Starting seeds indoors in egg cartons is one of our family’s annual gardening traditions! We look forward to it every winter. Using egg cartons to start seeds is just about as easy as it gets.
(Well, besides my other favorite seed starting method – germinating seeds in plastic bags with wet paper towels!)
I highly recommend this seed starting method for gardeners of all ages, especially kids. Last year I gave each of my daughters their own egg carton to plant whatever seeds they wanted! It was great fun to see what they each chose, and my youngest loved it so much that she wanted to start a second tray!
Benefits of Using Egg Cartons to Start Seeds
You may find quite a few benefits when planting seeds in egg cartons. Here are my favorite reasons why you should start seeds in egg trays.
- Individual cells are perfect for tiny seedlings. Egg trays with 12 or 18 cells offer much opportunity for variety of what you plant.
- Reduce, Reuse, Recycle! Reusing egg cartons for seed starting gives these trays a new lease on life. Styrofoam egg cartons usually end up in the trash anyway, so this is a much better alternative.
- Enjoy easy configurations for mass seed starting. If you plan to start quite a large number of seeds, you can save up several egg cartons to achieve your goals. In most cases, the egg cartons fit nicely side to side or front to back under your grow lights.
- Removal of seedlings for transplant is effortless. Simply pinch the Styrofoam pocket with the seedlings you wish to transfer and gently coax the entire root ball, soil and all, out of the egg tray.
How to Plant Seeds in Egg Cartons
Germinating seeds in egg cartons is easy and so much fun!
First, let’s gather a few materials to get started.
I promise the waiting is the hardest part!
Gather these materials before you start using egg cartons to start seeds.
- Potting Soil
- Spray Bottle
- Empty Egg Cartons
- Knife or Sharp Tool
- LED Grow Lights
Instructions for Starting Seeds
Begin with a Styrofoam egg carton seed starter tray and follow these steps to get started.
- Create drainage holes. Take your Styrofoam egg carton and use a knife or other sharp implement to poke holes in the bottom of each cell.
- Fill with potting soil. Lightly fill each egg tray cell with potting soil.
- Read the instructions for each kind of seed you plan to grow. Figure out how deep to plant seeds in egg cartons. Also, some seeds may do best if you surface sow. You may not need to bury them at all!
- Make an indentation in the center for seeds being covered. Poke a small hole in the center of the soil in the seed cell for large seeds. For smaller seeds, poke a few smaller holes spaced out across the soil. (As a general rule of thumb, I usually plant a minimum of two seeds in case one is a dud.)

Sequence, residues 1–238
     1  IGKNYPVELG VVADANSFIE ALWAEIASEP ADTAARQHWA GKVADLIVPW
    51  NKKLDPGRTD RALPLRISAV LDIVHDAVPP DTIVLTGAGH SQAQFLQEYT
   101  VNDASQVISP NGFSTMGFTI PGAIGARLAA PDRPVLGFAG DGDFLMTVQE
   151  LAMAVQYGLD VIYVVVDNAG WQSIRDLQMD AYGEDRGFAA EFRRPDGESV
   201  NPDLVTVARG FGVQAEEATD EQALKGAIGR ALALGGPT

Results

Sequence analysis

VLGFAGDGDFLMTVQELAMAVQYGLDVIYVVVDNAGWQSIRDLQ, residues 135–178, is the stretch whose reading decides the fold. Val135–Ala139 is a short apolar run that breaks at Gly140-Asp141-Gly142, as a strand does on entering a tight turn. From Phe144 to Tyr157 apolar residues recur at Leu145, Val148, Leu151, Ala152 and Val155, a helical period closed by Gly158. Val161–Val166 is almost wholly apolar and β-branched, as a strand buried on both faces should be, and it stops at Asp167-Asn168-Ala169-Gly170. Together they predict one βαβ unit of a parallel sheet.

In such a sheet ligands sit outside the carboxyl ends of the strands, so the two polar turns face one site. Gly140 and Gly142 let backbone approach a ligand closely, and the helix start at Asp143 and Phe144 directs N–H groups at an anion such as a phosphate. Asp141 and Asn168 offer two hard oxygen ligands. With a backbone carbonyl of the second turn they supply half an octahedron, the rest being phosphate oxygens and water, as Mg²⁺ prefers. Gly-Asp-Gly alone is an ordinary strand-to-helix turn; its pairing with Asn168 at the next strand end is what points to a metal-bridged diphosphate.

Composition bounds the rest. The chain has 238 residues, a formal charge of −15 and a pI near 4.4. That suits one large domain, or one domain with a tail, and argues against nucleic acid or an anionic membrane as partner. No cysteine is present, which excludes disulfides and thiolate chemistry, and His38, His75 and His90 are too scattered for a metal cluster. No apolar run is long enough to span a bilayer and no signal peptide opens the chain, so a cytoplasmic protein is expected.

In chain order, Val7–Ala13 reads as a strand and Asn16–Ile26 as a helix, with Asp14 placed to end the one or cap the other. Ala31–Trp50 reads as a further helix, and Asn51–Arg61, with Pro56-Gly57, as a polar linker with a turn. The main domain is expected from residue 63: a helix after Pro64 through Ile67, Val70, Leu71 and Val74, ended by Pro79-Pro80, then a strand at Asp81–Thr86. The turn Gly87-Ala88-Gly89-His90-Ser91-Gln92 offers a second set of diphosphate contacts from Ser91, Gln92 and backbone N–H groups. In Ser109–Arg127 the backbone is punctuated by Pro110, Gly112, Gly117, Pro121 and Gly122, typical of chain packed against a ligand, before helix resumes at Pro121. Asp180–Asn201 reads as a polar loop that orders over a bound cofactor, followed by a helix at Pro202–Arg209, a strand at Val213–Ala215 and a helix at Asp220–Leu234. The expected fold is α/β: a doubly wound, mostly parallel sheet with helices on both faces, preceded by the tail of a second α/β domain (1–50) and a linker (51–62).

- Drop seeds into the holes in the soil. Aim to plant one seed per hole.
- Lightly replace the soil to cover the seeds. Gently cover the seeds with soil.
- Immediately label the type of seeds. I usually write the name of each seed variety directly on the egg carton.
- Water the soil adequately. Use an indoor plant spray bottle to dampen the soil for each seed you’ve planted.
- Set the seeds in egg cartons under grow lights. For best results, I grow my seedlings under LED grow lights with excellent quality ratings.
Growing seeds indoors in egg cartons is so easy and so much fun! You and your family will be sure to create such wonderful memories starting seeds together.
Let’s Get Started!
Tips on Using Egg Cartons to Start Seeds
Once you’ve planted seeds in the egg trays, you can focus on maintaining moisture levels and ensuring enough lighting.
Here are some tips to help you ensure the best chances of success when starting seeds in egg cartons.
- Check seed trays daily to ensure proper moisture for the soil. Spray with the spray bottle to dampen soil as needed. Avoid leaving standing water.
- Harden off seedlings before transplanting outside. Make sure you help the seeds acclimate to the harsh natural sunlight and outdoor climate by hardening off over the course of a week or two.
- Transplant tall seedlings to bigger pots. A pack of 3” or 4” nursery pots can go a long way when using egg cartons to start seeds. Some seedlings like sunflowers and cucurbits, like pumpkins and cucumbers, may swiftly outgrow the egg cartons.
Do you have any questions about using egg cartons for starting seeds? Feel free to leave us a comment and we’ll get right back to you!
Also, if you have any tips or favorite stories, be sure to share those, too! We love hearing from you!
Happy Seed Starting!
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